In the early years, the western shed housed the horses that were used to work the land and thus it is still known as the “horse barn.” Ken Roth, William and Mary’s oldest child, still remembers having to harrow with the horses. The main part of the barn was for cows. Milk from the cows in the early years was left to rest to allow the cream to rise to the top. Then the cream was skimmed off for making butter. Some cream and butter were taken to town to exchange for groceries. Later, a cream separator, first turned by hand with a crank and later powered by electricity, was used to obtain the cream. A cream truck would come from Sedgewick to pick up the cream and leave a cheque that was used for groceries. The milk was not sold but instead eaten by the family or given to the pigs.
Tractors came to the Roth farm in the early 1940’s so not as many horses were needed. The southern end of the “horse barn” was used for pigs and calves yet it was referred to, and is still referred to, as the “horse barn.” For many year, the northern end of the main barn housed pigs in old milking stalls that had been renovated into pig pens. However, most of the main barn was still used for milking cows. In the mid 1960’s, Doug Roth, William and Mary’s second youngest child, brought in a milking machine, possibly a Westfalia, that made milking much faster and easier on the hands. William Roth continued using the barn until the mid 1970’s. After that, the animals were split between Ken and Doug and the barn has been used for storage ever since.
William and Mary Roth moved into Daysland in 1987. Randy and Barb Roth moved back to the quarter this barn stands on in 1991 from Forestburg.
Roth, Randy and Barb. Personal communication. 17 Aug. 2017.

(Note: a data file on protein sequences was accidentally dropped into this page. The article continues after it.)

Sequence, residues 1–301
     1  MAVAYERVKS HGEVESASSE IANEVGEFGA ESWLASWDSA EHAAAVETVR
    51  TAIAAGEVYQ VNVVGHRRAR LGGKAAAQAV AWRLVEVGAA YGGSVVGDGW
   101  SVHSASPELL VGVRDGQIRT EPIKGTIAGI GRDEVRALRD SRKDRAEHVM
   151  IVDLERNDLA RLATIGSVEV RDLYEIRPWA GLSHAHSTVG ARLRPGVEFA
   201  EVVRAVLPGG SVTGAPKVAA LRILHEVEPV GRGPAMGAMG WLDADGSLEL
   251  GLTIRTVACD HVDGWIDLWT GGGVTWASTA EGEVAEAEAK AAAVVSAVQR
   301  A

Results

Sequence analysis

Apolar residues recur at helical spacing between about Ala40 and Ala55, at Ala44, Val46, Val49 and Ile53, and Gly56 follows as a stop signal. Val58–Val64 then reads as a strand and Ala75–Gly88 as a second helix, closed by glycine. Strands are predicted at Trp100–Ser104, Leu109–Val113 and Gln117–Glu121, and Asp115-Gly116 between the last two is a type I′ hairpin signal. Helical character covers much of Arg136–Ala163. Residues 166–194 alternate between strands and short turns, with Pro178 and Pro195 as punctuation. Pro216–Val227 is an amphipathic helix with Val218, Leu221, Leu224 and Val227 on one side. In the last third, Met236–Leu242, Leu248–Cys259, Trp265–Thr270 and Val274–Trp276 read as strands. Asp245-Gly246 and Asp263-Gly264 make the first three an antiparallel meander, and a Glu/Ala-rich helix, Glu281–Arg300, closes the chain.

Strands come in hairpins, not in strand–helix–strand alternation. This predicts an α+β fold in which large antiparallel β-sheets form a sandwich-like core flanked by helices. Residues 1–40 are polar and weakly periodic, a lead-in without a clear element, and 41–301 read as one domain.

Roth, Randy and Barb. Wagon Trails in the Sod: A History of the Heisler Area: Volume II. 1st ed. Heisler: Heisler Community Historical Society, 2017, pg. 671-672. Print.
52.717520, -112.222832 SW 23-43-16 W4
Barn Condition: Poor
Construction Date: 1916
Features: Seven wooden cupolas; one large, six small, hay hood, hay carrier, and hay track, shed addition, weather vane
Roof Shape: Gambrel
Paint: Faded, used to be red with white trim
Decorations: No names or dates
Roof Covering: Wooden shingles
Siding: Wooden drop siding
Additional History on the Property
Burkhard and Augustine Roth Family History
Roth, Herman and Bill. “Roth, Burkhard and Augustine”. Wagon Trails in the Sod: A History of Heisler and Area: Volume I. 1st ed. Heisler: Heisler Historical Society, 1982. Print.
William (Bill) and Mary Roth Family History
The Family. “Roth, William and Mary”. Wagon Trails in the Sod: A History of Heisler and Area: Volume I. 1st ed. Heisler: Heisler Historical Society, 1982. Print.
Randy and Barb Roth Family History
“Roth, Randy and Barb”. Wagon Trails in the Sod: A History of Heisler and Area: Volume II. 1st ed. Heisler: Heisler Historical Society, 1982. Print.